WASHINGTON -- Donald Trump has defied the laws of political physics from the moment he rode down that gold-toned elevator in his own Manhattan tower to announce his candidacy last spring.
Time and again he’s proved every pundit and all of his fellow Republican candidates wrong, and he remains the only GOP contender with a plausible chance to collect a majority of delegates before the Cleveland convention in July.
But after a year of hovering above the skyline like a giant dirigible, Trump is being brought down to earth by his most powerful enemy: his own need to demonstrate his masculine “strength” by disparaging others, particularly women.
It has taken a year for relevant, campaign-related examples to accumulate, but they reached critical mass just in time for a pivotal primary in Wisconsin next week that could see the start of a slow, steady decline in his chances.
He is simply so unpopular with female voters -- who make up at least 54 percent of the turnout in presidential general elections -- that a victory by him this fall seems all but impossible. In a new NBC News poll, Trump is viewed favorably by only 1 in 5 female voters.
To be sure, his ratings among men aren’t dramatically better, and his main GOP rival, Sen. Ted Cruz of Texas, is almost as poorly regarded by women. Still, 1 in 5 doesn’t work.
“He can’t win, and women are a main reason why,” said Charlie Black, a Republican consultant advising Ohio Gov. John Kasich.
Trump critics also note that, despite his vow to ferociously attack Hillary Clinton in a general election, his salvos could be countered by Democrats as just another example of his corrosive attitude toward women.
There are plenty of examples already: his long-running firefight with Fox anchor Megyn Kelly, which included a veiled reference to menstruation; his high-school-level disparagement of Carly Fiorina’s looks; his vow to “spill the beans” on Cruz’s wife, Heidi; and Trump’s full-throated defense of his campaign manager, Corey Lewandowski, who was arrested this week in Florida and charged with using unwanted physical force to yank a female reporter away from his boss.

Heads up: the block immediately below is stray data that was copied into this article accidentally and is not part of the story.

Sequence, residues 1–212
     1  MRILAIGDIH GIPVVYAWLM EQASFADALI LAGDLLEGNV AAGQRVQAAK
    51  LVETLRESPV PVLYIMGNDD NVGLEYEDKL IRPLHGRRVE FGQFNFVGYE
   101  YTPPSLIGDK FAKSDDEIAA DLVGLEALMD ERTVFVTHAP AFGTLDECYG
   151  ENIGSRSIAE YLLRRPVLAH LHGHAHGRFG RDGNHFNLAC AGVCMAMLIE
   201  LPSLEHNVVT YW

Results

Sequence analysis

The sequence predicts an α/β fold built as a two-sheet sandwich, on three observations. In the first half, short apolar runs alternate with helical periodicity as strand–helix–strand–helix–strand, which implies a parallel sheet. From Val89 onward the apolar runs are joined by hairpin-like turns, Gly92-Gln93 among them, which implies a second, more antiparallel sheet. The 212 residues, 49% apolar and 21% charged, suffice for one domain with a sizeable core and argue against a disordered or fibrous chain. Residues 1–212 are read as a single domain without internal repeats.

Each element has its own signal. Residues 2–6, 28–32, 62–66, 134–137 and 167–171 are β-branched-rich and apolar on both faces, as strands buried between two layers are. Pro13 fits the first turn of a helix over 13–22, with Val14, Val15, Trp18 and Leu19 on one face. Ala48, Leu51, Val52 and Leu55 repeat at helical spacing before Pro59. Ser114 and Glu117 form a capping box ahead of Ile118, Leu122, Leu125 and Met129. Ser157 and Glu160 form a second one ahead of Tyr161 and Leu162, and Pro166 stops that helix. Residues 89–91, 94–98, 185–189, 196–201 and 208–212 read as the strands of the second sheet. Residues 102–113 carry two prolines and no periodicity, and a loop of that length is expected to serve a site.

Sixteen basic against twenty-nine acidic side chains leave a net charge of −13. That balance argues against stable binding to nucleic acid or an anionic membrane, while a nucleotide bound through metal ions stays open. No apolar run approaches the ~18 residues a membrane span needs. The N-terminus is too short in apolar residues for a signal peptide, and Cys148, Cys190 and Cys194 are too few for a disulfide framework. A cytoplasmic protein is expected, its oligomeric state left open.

Trump’s own family and close advisers have been worried about Lewandowski’s short fuse and aggressive behavior for months, but Trump is sticking by him in the din.
Then, on Tuesday, Trump struck a match to the whole pile, telling MSNBC host Chris Matthews that women who get “illegal” abortions (and Trump wants to make them all illegal) should face “some form of punishment” -- details unspecified.
In the hourlong face-to-face interview -- no phone-ins this time -- Matthews pressed Trump on whether he thought abortion should be illegal. The answer was “yes.” So if it is, should women be punished in some way? After hesitating several times, Trump answered “yes.”
After meandering around on the issue for years, Trump in the campaign has run as somewhat of a hard-liner: in favor of repealing Roe v. Wade and of banning so-called partial-birth abortions, but not endorsing a human life amendment or a ban on abortions even in cases of rape or incest.
But the comments to Matthews took him much further to the right, and away from the mainstream of female voters, 55 percent of whom think abortion should be legal in all or most cases.
Minutes after the taping of the show, and the airing of that key excerpt, the Trump campaign tried to walk the comments back, but it was too late. Democrats, liberals and leaders of women’s rights groups attacked with gusto.
So did Cruz, though his complaint came from the opposite political direction: that Trump was masquerading as a totalitarian foe of abortion, a role that rightly belongs to the Texan.
We’ll know soon enough whether Trump is in trouble, let alone going up in flames, when Wisconsin primary voters go to the polls on Tuesday.
The most recent poll, out on Wednesday and taken during the days that the Lewandowski story dominated the political news, showed Trump falling behind Cruz by 10 points.
Look out below.